Adding to my joy of late is a remarkable article predicting the demise of evangelical Christianity in our lifetimes.
Within two generations, evangelicalism will be a house deserted of half its occupants. (Between 25 and 35 percent of Americans today are Evangelicals.) In the “Protestant” 20th century, Evangelicals flourished. But they will soon be living in a very secular and religiously antagonistic 21st century.
Do I believe it will happen? I confess that there’s a good bit of wishful thinking on my part that clouds my judgment, but I have high hopes, and I think it entirely possible. This particular article is especially interesting because it is published in the Christian Science Monitor, and it’s written by a Christian (well, more accurately, “a postevangelical reformation Christian in search of a Jesus-shaped spirituality,” whatever that means), writing as an insider with intimate knowledge of the evangelical movement. He’s not happy about it, either, which makes the article an interesting read just because every time he intones an article of woe in his litany of doom, I’m feeling like pumping a fist in the air and shouting “Yes!”
He places the blame on several factors. 1) Evangelicals hitched their wagon to conservative politics, and that cart is busted. 2) Christian media has been superficial and failed to teach them the basics of their belief (which I don’t think is quite as damaging as he thinks—teaching the actual scripture is a great way to make atheists). 3) Megachurches. Enough said. 4) Christian education has failed. 5) Christianity has become a taint rather than a selling point in efforts to do good works. 6) Confidence in the bible and faith are waning. And probably most importantly, 7) “The money will dry up.”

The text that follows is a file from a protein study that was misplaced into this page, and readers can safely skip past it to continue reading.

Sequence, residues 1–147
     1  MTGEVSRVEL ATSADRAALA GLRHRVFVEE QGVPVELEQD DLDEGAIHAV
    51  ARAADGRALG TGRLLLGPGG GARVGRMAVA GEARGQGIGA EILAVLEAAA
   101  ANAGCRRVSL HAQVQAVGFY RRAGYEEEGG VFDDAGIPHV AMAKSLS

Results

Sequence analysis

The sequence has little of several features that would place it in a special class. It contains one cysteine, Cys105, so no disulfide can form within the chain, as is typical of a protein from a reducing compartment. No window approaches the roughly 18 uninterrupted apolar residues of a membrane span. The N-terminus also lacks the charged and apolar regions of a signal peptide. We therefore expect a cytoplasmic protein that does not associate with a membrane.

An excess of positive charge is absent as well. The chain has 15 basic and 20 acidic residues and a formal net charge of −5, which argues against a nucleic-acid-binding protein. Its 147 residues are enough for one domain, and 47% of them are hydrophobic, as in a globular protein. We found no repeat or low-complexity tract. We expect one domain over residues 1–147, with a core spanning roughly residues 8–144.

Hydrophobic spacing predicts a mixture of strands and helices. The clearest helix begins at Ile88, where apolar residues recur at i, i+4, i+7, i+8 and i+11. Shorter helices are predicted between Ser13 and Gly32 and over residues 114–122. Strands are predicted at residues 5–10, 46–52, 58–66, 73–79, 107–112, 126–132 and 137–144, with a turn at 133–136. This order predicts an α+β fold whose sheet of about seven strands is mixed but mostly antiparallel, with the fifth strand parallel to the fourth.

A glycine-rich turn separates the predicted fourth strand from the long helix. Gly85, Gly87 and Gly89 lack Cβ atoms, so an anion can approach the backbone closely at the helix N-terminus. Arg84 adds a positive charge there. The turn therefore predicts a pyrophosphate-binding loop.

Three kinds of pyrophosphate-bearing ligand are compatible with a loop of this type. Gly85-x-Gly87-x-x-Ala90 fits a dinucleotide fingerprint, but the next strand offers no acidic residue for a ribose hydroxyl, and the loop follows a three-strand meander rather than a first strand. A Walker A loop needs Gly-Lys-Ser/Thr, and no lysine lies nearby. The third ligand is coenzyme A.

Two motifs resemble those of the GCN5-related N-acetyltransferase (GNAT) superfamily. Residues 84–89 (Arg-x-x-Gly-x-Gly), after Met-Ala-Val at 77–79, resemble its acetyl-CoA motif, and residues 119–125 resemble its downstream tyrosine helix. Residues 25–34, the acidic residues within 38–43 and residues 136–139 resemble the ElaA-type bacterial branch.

One caveat to his explanations, though, is that he is making specific predictions about a very narrow part of the Christian spectrum, evangelicalism. We still have to worry about the crazy Charismatics, the freaky Fundamentalists, the conservative Catholics, and all those weird little splinter sects all over the place. Christianity isn’t going to simply vanish, it’s simply going to submerge for a bit, be a little less flamboyant and openly money-hungry, and maybe be a little less politically influential. Those are good outcomes all around, in my opinion.
He also wants to predict that a new and vital Christianity can arise from the ruins. Let’s hope not — I want to see a clearing away of the detritus of superstition to allow for a new Enlightenment to shine forth, instead.